Filling in for host Brit Hume on Special Report with Brit Hume on July 9, FOX News correspondent and substitute host Brian Wilson attempted to downplay the significance of President George W. Bush's personal and business ties to former Enron Corp. chairman and CEO Kenneth Lay by emphasizing the minimal ties Senator John Kerry (D-MA) and his wife, Teresa Heinz Kerry, had to the embattled businessman.
From the July 9 edition of FOX News Channel's Special Report with Brit Hume:
WILSON: John Kerry has accused the Bush administration of dragging its feet in the investigation of former Enron chairman Ken Lay, suggesting that Lay's ties as a friendly contributor to President Bush were to blame. But Lay attended a reception at the Georgetown town house shared by Kerry and his wife Teresa 10 months after the Enron scandal became public. Kerry was out of town at the time. What's more, Lay continued to serve with Teresa Heinz Kerry on a charity board, even after he was implicated in the alleged fraud. The "Boston Herald" reports that the Kerrys owned more than $250,000 in Enron stock before the company's collapse.
Wilson's remarks echoed Republican Party talking points, which surfaced the same day Kerry denounced the delay in indicting Lay while on the campaign trail. As The New York Times reported on July 10, "Steven Schmidt, a Bush spokesman, said: 'The Kerry campaign's political attack is baseless and hypocritical. Ten months after Enron went bankrupt, Ken Lay was dining at Kerry's Georgetown home.'"
While it is true that Lay and Heinz Kerry both served on The H. John Heinz III Center for Science, Economic and the Environment Board of Trustees -- which includes, according to The New York Times, "representatives of government, scientists, environmentalists and businesspeople" -- all board members were invited to attend the dinner (to which Wilson referred) at the Kerrys' Georgetown residence on September 23, 2002.
Wilson's second piece of evidence suggesting ties between Kerry and Lay was that the Kerrys owned "more than $250,000 in Enron stock before the company's collapse." However, Wilson neglected to mention how long before the company's collapse the Kerrys sold their stock in Enron. As the Boston Herald reported, the stock was sold in 1997 -- four years before the company's collapse.
While Wilson sought to suggest a link between Enron and Kerry, the connections between President Bush and Lay/Enron are wide-ranging. According to the Center for Public Integrity, Enron was Bush's top lifetime contributor until January 2004, when it was surpassed by MBNA Corp. In 2000, according to the Center for Responsive Politics, Bush received $113,800 from Enron's PAC and employees, compared with only $13,750 contributed to Democratic presidential candidate Al Gore. Bush's $113,800 from Enron does not include $312,500 from Enron's PAC and employees to Bush's 1994 and 1998 Texas gubernatorial campaigns; $300,000 from Enron's PAC and employees, including a $100,000 contribution from Lay and his wife, Linda, to the Bush-Cheney 2001 Inaugural Fund; and $10,000 from Lay and his wife to the Bush-Cheney 2000 [Florida] Recount Fund. In contrast, the Boston Herald reported that Kerry has received $1,250 from employees of Enron ($1,000 of which he returned when the Kerry campaign learned that the employee who wrote the check was accused of wrongdoing).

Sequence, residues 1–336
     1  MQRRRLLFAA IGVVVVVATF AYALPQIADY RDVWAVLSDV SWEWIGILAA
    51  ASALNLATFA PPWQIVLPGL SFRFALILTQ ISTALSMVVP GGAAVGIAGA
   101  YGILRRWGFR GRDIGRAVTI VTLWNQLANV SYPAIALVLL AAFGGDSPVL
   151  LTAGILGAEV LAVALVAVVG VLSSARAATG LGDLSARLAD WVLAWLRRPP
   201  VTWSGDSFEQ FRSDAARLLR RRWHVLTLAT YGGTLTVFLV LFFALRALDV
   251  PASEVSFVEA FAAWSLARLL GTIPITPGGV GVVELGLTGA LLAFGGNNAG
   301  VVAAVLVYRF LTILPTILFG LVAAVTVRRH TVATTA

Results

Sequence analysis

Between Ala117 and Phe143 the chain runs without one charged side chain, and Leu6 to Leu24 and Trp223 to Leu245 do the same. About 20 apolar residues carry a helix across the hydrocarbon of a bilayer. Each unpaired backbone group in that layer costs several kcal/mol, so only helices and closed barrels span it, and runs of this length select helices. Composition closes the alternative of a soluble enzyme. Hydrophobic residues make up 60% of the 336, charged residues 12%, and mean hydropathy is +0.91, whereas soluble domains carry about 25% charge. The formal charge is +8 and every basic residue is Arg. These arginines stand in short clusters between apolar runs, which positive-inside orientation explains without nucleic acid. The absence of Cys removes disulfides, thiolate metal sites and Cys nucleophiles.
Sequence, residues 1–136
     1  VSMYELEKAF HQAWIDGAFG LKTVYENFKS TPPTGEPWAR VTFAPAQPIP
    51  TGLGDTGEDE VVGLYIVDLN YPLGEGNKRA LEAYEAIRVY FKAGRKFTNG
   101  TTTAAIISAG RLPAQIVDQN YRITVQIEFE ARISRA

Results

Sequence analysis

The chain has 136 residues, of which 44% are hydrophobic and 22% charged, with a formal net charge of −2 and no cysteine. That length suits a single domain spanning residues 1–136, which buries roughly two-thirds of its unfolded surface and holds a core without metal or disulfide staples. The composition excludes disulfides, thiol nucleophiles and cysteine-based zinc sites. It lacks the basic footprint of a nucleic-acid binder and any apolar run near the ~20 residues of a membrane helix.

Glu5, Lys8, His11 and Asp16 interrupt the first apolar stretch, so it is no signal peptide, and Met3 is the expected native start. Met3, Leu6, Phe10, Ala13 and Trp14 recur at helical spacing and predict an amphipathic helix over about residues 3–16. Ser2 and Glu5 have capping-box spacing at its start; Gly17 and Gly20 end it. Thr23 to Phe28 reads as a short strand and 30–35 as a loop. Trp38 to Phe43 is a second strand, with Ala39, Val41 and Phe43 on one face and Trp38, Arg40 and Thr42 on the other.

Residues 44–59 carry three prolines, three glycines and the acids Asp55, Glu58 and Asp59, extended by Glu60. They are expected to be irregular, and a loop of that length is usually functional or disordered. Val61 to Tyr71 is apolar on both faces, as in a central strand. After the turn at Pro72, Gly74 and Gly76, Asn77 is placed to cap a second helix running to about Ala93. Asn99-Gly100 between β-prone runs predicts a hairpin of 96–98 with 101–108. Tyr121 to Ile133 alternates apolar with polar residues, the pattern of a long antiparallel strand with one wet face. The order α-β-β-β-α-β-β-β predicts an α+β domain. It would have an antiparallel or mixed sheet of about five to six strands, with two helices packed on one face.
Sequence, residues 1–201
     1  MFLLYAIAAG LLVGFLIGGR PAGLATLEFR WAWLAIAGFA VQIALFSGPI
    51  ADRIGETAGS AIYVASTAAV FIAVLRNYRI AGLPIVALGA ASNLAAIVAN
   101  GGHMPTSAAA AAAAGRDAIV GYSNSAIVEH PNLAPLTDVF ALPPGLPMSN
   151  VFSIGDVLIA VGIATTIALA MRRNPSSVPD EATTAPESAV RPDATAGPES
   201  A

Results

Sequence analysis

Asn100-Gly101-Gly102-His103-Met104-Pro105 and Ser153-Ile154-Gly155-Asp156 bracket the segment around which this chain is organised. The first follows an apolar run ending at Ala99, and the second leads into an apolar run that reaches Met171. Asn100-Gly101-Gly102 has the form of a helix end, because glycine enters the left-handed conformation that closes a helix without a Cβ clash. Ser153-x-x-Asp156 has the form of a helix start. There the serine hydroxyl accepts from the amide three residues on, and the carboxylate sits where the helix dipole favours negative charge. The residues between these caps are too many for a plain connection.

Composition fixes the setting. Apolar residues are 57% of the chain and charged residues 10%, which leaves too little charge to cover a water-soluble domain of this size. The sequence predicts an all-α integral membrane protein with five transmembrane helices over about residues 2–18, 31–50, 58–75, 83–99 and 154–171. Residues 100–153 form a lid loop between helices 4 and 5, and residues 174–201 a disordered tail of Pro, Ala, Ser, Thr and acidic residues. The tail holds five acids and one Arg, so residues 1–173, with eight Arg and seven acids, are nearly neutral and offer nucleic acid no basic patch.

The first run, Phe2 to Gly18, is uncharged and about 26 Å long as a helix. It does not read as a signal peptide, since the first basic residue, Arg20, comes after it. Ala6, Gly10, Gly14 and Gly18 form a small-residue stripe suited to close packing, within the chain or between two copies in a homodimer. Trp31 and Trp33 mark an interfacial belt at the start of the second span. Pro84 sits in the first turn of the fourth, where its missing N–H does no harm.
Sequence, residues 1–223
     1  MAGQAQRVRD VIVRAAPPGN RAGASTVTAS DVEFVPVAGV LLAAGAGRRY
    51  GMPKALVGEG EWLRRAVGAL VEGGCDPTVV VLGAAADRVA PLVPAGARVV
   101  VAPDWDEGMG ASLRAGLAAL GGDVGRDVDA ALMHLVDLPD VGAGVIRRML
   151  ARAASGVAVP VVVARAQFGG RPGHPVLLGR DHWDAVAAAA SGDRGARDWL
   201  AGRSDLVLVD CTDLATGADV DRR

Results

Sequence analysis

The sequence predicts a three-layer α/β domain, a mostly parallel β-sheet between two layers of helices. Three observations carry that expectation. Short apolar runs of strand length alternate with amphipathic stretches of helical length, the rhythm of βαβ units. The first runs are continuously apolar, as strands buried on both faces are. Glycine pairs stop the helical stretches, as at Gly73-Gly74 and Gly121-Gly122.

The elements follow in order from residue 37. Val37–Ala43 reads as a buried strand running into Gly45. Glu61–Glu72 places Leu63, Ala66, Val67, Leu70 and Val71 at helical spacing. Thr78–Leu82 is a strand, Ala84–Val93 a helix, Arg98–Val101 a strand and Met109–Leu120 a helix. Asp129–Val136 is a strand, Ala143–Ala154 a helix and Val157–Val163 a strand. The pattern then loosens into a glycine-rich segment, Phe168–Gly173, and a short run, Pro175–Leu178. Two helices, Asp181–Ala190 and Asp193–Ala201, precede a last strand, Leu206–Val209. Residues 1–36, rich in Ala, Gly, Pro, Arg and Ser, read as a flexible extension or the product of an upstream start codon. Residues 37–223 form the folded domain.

In addition, Center for Responsive Politics also reported that Enron provided Bush with 14 private jet flights during the campaign, including two after Election Day. Robert Bryce, author of Pipe Dreams: Greed, Ego, and the Death of Enron (PublicAffairs, 2002) and Cronies: Oil, the Bushes, and the Rise of Texas, America's Superstate (PublicAffairs, 2004), wrote the following in a washingtonpost.com online discussion: "According to the [Bush-Cheney] campaign's IRS filings, Enron's jets were used 4 different times during the period that covers the [Florida] recount."
Bryce also documented the numerous individuals with connections to both the Bush administration and Enron:
A partial list of people with direct Enron ties to the Bush administration includes: Tom White, former secretary of the Army, was at Enron Energy Services, a company that was little more than a sham from the get go. Ed Gillespie, current head of the Republican National Committee, was an Enron lobbyist. Marc Racicot, former head of the RNC, was an Enron lobbyist. Robert Zoellick, current US Trade Representative, worked for Enron as an adviser. James Baker III, former secretary of state -- and the man who was crucial to Bush's win in Florida -- was an Enron lobbyist.
As has been widely reported, Lay was a close personal friend of President Bush, who nicknamed him "Kenny Boy." Bryce also noted a 2001 meeting between Vice President Dick Cheney and Lay and stated that "Enron had about a dozen different contacts with Cheney's task force. And the result of all those meetings were several provisions in the task force report that were very favorable to Enron."